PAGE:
“Queering and Cripping the End of the World: Disability, Sex, and Race in The Walking Dead.” In Zombies and Sexuality, edited by Shaka McGlotten and Steve Jones, 106–22. Jefferson, NC: McFarland, 2014.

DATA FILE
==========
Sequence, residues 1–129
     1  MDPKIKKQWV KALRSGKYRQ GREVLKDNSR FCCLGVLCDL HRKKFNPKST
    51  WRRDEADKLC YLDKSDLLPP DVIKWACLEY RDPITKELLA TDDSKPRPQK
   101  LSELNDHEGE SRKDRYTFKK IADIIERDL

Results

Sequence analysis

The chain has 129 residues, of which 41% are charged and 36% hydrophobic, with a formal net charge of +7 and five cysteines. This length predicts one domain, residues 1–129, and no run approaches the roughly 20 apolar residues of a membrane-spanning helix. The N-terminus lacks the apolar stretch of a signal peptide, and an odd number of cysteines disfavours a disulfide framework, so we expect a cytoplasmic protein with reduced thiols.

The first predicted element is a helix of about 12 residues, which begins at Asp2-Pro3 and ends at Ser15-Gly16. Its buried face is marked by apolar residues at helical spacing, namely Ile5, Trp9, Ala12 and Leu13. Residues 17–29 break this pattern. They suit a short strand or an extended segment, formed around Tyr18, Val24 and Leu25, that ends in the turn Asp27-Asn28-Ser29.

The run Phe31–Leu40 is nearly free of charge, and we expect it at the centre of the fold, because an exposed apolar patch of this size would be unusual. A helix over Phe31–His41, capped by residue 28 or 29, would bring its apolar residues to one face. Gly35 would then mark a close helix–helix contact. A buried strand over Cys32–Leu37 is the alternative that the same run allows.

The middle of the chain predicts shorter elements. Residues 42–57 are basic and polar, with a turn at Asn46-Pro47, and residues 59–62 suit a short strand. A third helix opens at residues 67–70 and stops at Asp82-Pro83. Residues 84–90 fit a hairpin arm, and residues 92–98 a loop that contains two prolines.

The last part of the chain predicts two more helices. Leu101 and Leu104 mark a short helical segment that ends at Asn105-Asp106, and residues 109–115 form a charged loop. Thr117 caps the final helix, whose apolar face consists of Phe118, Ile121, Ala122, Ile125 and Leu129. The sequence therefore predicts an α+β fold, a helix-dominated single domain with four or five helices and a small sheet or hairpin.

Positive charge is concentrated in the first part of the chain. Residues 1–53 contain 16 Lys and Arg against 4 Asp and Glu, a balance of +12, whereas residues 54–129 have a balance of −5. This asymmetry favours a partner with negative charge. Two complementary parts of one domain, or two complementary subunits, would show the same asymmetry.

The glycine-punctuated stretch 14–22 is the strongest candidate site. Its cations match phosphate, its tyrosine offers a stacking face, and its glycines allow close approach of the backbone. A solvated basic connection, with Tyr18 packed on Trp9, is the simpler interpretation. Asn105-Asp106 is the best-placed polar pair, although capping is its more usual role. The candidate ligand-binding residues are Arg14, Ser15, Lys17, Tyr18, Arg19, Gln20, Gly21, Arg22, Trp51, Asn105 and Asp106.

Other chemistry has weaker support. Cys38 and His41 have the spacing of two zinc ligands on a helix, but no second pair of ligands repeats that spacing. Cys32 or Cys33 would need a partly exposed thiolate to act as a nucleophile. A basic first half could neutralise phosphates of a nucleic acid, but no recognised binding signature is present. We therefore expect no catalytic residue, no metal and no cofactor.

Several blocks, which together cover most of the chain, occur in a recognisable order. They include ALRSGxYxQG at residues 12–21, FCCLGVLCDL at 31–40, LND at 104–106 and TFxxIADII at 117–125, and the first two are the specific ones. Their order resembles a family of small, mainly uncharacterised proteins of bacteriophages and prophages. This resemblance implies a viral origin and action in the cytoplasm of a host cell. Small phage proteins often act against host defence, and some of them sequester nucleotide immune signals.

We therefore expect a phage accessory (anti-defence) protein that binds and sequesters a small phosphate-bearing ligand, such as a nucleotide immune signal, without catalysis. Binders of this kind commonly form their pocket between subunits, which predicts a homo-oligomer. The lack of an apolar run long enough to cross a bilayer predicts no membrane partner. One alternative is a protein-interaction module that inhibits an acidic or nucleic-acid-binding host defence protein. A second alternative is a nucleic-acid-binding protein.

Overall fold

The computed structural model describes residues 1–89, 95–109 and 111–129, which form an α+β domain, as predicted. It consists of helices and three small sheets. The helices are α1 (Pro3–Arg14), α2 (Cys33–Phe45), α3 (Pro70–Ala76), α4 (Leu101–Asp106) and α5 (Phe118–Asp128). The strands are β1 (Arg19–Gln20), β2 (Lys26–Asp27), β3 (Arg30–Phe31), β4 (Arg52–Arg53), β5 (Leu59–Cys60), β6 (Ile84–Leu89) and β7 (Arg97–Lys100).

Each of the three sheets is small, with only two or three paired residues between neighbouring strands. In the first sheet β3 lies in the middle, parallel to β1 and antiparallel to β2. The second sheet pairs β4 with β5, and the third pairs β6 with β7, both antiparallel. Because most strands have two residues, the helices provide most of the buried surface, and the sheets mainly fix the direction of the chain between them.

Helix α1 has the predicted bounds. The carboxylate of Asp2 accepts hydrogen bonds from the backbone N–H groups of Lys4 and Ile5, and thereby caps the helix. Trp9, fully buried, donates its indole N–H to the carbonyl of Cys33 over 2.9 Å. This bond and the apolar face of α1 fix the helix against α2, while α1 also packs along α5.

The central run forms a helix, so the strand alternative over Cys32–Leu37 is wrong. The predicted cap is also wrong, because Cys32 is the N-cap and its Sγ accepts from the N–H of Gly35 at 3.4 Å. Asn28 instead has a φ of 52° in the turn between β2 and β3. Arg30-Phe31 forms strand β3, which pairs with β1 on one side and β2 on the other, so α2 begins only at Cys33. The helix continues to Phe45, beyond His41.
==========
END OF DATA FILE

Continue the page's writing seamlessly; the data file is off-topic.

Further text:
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ABSTRACT: Since its 2010 debut on AMC, the television show The Walking Dead has garnered vast popular and critical attention. Embedded within the contemporary obsession with a zombie apocalypse, the show is part of a broader cultural project seeking collective ways to navigate a post-2008 imploded capitalist system that many economically vulnerable and privilege populations are still experiencing as “the end of the world.” In this article, Hannabach argues that the show raises questions about post-apocalyptic racialization, kinship ties in the absence of social institutions to finance them, and diverse queer intimacies. She argues that disability, race, and sexuality intertwine in The Walking Dead to reflect histories of zombie representation as well as anxieties over early-twenty-first-century neoliberal capitalism.